There are parents who insist on sleeping with their kids whenever they can (every night, even, for working parents who feel this is a way of compensating for lost time). I see why this can be so wonderful—at least on the feeling level—but I also see that it can be detrimental to the developing independence of the children. Childhood is really about guiding our children through a process of weaning—from the womb, the breast, our bed, diapers, milk, training wheels– and keeping them with you at night (especially when they are grown) just because it makes you feel good may not be the most loving thing to do for them.
I think we often mistake our needs for the needs of others. The parent who insists on sleeping with their child– even when they are asking for their own space– is probably trying to fill his own need to be with them. The spouse who refuses to leave a toxic marriage has also succumbed to a lower need—material comfort, status, fear, or the false impression that staying in a bad marriage is kinder to the children. These are all valid feelings, of course, but through deeper introspection, one can see that the responses have not been the most loving for anyone.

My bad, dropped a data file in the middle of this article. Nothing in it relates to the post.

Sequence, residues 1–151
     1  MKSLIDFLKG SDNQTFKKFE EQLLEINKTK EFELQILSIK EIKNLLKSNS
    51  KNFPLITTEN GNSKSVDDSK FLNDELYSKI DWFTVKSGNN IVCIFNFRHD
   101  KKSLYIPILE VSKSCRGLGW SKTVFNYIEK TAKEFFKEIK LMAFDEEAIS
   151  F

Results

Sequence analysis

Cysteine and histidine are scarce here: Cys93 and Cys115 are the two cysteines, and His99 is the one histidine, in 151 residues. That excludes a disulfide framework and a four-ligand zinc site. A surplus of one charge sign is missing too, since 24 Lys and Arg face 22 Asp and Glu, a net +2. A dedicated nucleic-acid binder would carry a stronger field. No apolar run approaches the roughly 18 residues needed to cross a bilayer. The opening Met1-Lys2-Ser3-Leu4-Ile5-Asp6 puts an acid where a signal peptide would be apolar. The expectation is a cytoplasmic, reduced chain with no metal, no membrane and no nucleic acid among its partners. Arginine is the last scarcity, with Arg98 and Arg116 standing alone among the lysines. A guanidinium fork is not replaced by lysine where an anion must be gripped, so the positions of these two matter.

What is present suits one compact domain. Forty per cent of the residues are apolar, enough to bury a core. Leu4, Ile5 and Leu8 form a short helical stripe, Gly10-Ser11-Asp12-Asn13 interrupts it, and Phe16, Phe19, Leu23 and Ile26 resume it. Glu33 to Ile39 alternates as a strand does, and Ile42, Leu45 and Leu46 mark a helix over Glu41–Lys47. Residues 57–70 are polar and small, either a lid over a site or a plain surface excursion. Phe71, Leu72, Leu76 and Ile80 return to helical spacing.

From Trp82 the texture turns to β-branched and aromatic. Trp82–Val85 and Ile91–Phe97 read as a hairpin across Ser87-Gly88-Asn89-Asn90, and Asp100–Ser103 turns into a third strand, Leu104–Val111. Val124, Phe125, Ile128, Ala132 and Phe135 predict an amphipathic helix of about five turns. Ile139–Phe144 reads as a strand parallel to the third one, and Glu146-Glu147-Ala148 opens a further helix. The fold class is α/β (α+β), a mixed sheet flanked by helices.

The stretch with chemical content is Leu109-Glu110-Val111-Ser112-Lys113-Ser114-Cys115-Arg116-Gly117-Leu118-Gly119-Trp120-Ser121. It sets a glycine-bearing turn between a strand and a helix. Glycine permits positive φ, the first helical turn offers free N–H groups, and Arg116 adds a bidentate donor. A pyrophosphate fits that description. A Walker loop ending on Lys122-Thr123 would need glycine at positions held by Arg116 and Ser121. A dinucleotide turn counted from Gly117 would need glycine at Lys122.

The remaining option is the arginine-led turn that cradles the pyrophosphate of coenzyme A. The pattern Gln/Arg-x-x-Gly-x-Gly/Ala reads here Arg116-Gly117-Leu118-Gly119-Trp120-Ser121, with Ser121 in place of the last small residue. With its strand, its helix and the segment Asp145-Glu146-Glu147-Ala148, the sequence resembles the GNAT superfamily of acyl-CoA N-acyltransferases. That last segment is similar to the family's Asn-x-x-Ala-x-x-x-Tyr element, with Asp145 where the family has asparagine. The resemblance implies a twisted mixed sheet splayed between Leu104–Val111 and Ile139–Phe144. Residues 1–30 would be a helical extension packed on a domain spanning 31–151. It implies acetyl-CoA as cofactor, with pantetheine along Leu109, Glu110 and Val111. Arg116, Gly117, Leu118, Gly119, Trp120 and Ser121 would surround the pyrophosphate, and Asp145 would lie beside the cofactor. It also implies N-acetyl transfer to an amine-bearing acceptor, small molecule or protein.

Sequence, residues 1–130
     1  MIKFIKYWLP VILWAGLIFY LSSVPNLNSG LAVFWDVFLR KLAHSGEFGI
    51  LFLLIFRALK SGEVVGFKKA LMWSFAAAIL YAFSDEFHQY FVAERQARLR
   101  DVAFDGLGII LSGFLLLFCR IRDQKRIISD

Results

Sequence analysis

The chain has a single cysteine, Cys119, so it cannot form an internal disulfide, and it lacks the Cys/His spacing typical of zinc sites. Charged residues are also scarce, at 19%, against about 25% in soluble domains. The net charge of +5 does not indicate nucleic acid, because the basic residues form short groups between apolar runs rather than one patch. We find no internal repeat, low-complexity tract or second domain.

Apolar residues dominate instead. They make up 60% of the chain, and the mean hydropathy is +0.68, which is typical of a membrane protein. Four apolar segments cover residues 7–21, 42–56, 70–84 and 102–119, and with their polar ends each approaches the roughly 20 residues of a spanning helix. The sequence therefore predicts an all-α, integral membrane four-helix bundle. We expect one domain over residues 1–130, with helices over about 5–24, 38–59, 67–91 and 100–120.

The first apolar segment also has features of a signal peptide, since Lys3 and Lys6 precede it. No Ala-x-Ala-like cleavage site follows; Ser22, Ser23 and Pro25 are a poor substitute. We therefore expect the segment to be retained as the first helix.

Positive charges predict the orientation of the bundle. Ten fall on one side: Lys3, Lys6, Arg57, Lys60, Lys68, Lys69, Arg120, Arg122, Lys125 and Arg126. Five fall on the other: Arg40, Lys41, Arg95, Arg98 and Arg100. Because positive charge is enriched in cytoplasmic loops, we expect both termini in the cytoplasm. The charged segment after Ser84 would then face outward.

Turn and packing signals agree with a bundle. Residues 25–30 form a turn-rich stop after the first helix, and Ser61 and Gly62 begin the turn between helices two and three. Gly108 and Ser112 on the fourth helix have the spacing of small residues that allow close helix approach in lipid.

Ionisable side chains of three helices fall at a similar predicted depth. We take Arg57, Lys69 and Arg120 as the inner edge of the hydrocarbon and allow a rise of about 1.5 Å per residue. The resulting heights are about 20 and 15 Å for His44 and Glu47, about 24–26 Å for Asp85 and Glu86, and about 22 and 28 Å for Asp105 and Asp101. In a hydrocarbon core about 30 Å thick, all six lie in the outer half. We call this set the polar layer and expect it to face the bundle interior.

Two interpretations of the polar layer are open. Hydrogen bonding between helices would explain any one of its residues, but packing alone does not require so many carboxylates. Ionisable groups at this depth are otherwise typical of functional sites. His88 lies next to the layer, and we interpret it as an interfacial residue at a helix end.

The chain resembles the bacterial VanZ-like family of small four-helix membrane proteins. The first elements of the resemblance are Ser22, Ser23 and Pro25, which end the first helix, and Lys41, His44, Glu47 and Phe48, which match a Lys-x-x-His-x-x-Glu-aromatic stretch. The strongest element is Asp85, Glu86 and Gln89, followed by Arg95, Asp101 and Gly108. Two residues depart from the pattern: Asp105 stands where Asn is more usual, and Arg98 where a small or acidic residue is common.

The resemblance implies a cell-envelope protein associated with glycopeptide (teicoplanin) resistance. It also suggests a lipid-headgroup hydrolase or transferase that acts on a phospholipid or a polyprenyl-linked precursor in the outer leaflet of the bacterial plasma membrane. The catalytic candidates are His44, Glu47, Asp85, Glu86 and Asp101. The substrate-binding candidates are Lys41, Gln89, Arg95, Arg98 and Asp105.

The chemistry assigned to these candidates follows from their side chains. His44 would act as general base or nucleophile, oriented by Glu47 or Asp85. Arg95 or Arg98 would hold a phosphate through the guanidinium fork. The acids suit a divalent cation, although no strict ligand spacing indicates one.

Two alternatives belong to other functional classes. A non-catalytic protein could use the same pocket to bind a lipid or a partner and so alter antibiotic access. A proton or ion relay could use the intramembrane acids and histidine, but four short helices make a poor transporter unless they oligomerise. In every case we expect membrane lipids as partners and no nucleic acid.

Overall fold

Do children really benefit from their parents’ morally rotten and untrue marriage? If the marriage is already full of layer upon layer of untruth and the people in it are not strong enough to begin living the truth, the children will only learn to live in the shadows. Does this serve them? Is staying in the marriage the most loving thing to do for everyone?
Making a practice of asking ourselves, “What is the most loving thing to do?” is one way of behaving with more consciousness towards others. It gives us enough pause to move away from sentimentality. It allows us a moment to consider the longer and deeper view. Is it the child’s need that is being met or mine? Is this solution good for my ego but not that great for others? Am I unable to make the difficult but clear decision because I am afraid to be rejected? Is this truly what I think is best for the other in the long term?
Asking just the right question can help us bring the warm fuzzies down into the will through conscious deed. Only then can love be made truly alive.